Omega 3 fatty acids lower plasma triglyceride concentrations. The subjects entering the omega diet study will be consuming an omega rich diet that is tailored to their caloric needs. This calculation is based on the patient's weight, age, and gender with the purpose of not modifying their weight at all. Weight maintenance is a very important factor in this arm of the study. They will be on the diet for 12 weeks.


Ages Eligible for Study:   10 Years to 19 Years   (Child, Adult)
Sexes Eligible for Study:   All
Accepts Healthy Volunteers:   No

Inclusion Criteria:

  • 10 to 19 years of age
  • BMI equal or greater than the 95th percentile for age and gender
  • Genotype PNPLA3 CC or GG
  • Liver MRI Hepatic Fat fraction ≥5.5%

Exclusion Criteria:

  • Food allergy to fish or any components of the pills which include alpha tocopherol partially hydrogenated vegetable oils including soybean oils, gelatin, glycerol, corn or iron oxide
  • Pregnant or breastfeeding
  • Known bleeding disorder or coagulopathy or treatment with anticoagulant mechanisms or low platelet counts, abnormal PT or PTT
  • Impaired glucose tolerance, Type 1 or 2 diabetes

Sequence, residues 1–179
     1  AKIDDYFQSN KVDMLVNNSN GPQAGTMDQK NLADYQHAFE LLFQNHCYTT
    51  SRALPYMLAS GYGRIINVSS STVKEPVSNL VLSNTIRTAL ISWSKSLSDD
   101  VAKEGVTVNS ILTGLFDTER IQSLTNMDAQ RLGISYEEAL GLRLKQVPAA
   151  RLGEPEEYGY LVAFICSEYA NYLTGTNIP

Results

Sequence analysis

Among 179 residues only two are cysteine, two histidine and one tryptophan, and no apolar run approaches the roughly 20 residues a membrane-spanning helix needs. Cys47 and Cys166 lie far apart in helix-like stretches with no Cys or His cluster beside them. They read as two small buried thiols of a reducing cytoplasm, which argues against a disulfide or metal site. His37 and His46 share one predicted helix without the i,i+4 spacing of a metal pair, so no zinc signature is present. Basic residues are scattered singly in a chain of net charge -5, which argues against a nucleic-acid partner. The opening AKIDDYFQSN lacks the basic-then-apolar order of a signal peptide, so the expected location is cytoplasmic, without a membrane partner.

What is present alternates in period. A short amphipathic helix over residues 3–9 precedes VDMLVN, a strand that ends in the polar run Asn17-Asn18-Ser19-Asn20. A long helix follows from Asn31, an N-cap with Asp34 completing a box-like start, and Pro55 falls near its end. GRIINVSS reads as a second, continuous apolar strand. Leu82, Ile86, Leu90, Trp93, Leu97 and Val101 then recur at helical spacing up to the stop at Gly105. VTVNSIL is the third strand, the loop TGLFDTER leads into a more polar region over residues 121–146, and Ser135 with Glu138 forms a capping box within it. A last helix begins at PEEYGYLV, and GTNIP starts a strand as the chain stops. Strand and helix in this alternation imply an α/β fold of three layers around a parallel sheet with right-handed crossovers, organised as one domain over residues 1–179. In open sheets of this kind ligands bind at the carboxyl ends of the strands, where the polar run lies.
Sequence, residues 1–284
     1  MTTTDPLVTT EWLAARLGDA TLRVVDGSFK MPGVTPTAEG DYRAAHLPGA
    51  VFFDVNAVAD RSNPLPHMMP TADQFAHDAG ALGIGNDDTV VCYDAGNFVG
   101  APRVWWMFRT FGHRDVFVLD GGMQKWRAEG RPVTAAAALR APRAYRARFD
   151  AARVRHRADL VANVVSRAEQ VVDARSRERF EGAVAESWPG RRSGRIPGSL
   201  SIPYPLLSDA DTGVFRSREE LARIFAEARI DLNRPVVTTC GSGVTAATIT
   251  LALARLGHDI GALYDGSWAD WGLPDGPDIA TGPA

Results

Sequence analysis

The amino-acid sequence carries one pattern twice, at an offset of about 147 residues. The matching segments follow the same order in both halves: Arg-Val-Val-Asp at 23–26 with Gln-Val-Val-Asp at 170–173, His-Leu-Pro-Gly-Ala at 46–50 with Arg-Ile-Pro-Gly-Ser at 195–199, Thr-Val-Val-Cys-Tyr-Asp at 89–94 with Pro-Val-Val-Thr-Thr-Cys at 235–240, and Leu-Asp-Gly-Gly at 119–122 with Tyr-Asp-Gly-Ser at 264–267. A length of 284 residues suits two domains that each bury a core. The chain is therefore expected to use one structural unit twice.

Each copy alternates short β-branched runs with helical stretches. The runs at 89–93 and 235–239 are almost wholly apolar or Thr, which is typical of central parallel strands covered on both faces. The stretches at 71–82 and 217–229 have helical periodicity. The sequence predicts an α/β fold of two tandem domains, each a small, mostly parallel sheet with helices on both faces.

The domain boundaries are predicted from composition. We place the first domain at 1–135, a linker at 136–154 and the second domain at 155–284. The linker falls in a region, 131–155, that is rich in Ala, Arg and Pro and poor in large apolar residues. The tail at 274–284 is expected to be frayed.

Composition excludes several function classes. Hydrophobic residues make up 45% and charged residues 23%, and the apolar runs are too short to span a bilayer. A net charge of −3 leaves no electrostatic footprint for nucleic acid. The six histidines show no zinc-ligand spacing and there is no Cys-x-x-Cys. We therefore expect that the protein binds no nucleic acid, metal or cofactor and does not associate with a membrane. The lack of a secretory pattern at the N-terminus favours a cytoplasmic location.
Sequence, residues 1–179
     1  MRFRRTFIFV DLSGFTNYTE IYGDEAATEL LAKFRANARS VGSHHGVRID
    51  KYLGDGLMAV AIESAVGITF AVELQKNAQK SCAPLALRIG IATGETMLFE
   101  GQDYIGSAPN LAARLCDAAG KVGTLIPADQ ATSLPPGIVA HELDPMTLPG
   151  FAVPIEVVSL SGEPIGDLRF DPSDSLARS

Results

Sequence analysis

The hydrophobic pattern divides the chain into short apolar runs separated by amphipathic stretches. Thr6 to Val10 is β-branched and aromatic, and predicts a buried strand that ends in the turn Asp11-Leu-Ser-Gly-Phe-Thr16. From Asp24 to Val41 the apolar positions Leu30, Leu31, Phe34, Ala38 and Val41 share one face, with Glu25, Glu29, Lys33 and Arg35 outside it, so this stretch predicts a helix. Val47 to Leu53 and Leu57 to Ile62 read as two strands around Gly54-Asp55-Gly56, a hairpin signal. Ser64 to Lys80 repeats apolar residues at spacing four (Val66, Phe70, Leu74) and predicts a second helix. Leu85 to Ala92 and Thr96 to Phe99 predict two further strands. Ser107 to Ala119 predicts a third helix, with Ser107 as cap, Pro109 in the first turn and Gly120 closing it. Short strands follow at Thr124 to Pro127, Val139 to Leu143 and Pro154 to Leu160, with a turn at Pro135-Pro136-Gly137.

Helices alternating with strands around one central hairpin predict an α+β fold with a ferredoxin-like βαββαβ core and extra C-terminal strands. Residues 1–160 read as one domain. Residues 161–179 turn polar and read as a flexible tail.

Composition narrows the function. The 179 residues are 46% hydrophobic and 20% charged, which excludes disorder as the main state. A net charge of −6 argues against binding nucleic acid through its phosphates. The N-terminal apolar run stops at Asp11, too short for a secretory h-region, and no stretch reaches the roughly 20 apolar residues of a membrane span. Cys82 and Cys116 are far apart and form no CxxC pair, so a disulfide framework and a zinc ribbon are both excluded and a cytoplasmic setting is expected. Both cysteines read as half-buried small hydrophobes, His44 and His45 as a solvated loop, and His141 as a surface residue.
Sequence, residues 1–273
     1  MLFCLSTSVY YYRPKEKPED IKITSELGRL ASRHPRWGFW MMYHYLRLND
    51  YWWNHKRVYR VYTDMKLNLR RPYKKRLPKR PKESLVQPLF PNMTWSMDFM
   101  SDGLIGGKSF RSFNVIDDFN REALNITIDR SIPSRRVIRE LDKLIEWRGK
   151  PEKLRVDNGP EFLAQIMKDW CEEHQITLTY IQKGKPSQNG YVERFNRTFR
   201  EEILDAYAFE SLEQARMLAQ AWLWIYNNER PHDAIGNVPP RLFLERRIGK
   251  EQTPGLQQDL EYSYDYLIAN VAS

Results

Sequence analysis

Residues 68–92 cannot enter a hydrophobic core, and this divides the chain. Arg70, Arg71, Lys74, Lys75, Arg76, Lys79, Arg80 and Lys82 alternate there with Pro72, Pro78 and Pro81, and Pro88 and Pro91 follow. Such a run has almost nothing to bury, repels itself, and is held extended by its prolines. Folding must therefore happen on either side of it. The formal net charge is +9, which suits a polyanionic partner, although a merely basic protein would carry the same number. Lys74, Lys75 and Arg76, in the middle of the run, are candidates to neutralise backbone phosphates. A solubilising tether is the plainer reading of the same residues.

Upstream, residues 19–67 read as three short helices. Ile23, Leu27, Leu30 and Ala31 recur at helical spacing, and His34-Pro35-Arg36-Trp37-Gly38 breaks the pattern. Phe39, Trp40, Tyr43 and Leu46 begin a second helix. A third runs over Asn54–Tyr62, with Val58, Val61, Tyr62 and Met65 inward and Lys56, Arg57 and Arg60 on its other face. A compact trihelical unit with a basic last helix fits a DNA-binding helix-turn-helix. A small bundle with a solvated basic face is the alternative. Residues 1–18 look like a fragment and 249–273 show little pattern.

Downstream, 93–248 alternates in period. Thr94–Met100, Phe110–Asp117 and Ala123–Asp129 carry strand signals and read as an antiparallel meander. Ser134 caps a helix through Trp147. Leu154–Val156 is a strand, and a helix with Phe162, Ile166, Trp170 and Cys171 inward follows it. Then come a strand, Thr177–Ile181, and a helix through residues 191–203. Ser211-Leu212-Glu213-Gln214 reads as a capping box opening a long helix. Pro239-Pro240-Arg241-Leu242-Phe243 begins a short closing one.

• Birth control pills
  • Alcohol consumption
  • Other liver disease
  • Taking any medication that alters triglyceride levels, liver function, blood pressure, glucose or lipid metabolism
  • Taking over the counter supplements that affect triglycerides or lipid metabolism including fish oil supplements
  • Treatment for or diagnosis of thyroid disorder or have an elevated TSH at baseline
  • Use of any antipsychotic medication
  • Taking chronic anti-inflammatory medications
  • Less than 100 pounds (45 kg)
  Contacts and Locations
Choosing to participate in a study is an important personal decision. Talk with your doctor and family members or friends about deciding to join a study. To learn more about this study, you or your doctor may contact the study research staff using the Contacts provided below. For general information, see Learn About Clinical Studies.

Please refer to this study by its identifier: NCT01556113

Contact: Bridget Pierpont, M.A. 203-785-2942

United States, Connecticut
Yale School of Medicine Recruiting
New Haven, Connecticut, United States, 06510
Contact: Bridget Pierpont, M.A.    203-785-2942   
Contact: Melissa Shaw, B.A.    203-785-6459   
Principal Investigator: Nicola Santoro, M.D./Ph.D.         
Sponsors and Collaborators
Yale University
Eunice Kennedy Shriver National Institute of Child Health and Human Development (NICHD)
Principal Investigator: Nicola Santoro, MD/PhD Yale University
  More Information

Responsible Party: Sonia Caprio, Principal Investigator, Yale University Identifier: NCT01556113     History of Changes
Other Study ID Numbers: 1112009408
R01HD040787 ( US NIH Grant/Contract Award Number )
Study First Received: March 12, 2012
Last Updated: April 6, 2016

Keywords provided by Yale University:
fatty liver
elevated liver enzymes

Additional relevant MeSH terms:
Liver Diseases
Fatty Liver
Non-alcoholic Fatty Liver Disease
Digestive System Diseases
Lipid Metabolism Disorders
Metabolic Diseases processed this record on April 25, 2017